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I have a question about sports participation. My 9 year old son has always been very active (bike riding, roller blading, etc.) but nothing like the 2 hours of intense physical training that he does five days a week for football practice. This is his first "real" organized sports experience and he is loving every second of it. In just a few weeks his attitude and self esteem have gone way up and he is very much looking forward to the first game next weekend.

Everything is going very well aside from the fact that I am about to have a nervous breakdown! For starters, practice is at 5:30 PM to 7:30 PM every night: right smack in the middle of dinner time. His evening shot used to be at 6 PM, but I am now having him do his combined regular and NPH insulin when he gets home (8PM) at which time he is starving, eats a huge dinner and falls asleep within the hour. I have to be very carefull not to give him too much insulin as he is usually too tired and too full to have a snack before bed. A few times I have tested him at 10PM (the reg. peak) and found him to be too low.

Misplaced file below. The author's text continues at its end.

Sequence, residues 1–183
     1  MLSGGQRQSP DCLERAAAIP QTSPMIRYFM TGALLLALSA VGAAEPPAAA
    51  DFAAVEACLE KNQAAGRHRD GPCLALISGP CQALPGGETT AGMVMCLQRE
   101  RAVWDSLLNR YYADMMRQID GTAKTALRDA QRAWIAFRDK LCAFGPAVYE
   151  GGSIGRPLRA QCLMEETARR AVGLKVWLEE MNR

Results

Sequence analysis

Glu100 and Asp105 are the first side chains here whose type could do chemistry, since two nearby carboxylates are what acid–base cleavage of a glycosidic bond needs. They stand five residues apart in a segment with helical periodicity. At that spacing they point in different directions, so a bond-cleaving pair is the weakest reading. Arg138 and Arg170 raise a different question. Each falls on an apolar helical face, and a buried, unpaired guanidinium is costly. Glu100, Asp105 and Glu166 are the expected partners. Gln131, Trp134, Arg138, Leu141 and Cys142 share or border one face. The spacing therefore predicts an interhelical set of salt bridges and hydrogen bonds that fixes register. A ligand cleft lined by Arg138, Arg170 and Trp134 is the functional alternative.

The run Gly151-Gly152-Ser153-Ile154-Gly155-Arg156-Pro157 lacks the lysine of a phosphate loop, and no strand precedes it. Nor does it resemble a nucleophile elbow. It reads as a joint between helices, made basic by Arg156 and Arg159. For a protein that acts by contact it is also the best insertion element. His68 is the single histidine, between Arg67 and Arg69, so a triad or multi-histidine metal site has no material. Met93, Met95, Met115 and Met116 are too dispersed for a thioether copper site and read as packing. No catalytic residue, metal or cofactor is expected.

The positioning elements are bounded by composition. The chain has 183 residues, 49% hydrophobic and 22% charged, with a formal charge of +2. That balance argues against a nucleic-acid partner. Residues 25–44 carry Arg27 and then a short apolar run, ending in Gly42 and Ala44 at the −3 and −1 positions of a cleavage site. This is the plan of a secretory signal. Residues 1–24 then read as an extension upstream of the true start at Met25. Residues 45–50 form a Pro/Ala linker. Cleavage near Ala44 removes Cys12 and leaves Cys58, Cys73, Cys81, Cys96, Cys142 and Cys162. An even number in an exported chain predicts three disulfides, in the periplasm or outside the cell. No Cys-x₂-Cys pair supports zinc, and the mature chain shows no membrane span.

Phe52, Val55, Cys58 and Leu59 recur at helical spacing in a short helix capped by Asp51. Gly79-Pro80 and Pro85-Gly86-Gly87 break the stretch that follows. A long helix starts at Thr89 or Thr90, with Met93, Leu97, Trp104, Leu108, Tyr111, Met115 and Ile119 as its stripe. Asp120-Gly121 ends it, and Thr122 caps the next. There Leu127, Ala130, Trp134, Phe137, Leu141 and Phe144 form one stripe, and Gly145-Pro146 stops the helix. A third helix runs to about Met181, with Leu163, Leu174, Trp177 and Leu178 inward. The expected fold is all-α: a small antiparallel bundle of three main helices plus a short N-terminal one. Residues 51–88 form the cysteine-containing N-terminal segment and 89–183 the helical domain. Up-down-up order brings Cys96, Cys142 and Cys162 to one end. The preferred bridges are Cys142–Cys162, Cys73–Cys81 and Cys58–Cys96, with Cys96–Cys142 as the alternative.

Another problem, he refuses to eat during practice or games and is also too excited to eat a lot right before a game either. I have found that a mixture of Gatorade and water in a squeeze bottle works best during practice or games to keep his blood sugar from dropping too low, but as you can imagine, it is easy to underestimate how much he will need to drink and sometimes this has caused him to get too high. I have switched him to plain water but a few times he said that he was low when in fact he was about 150.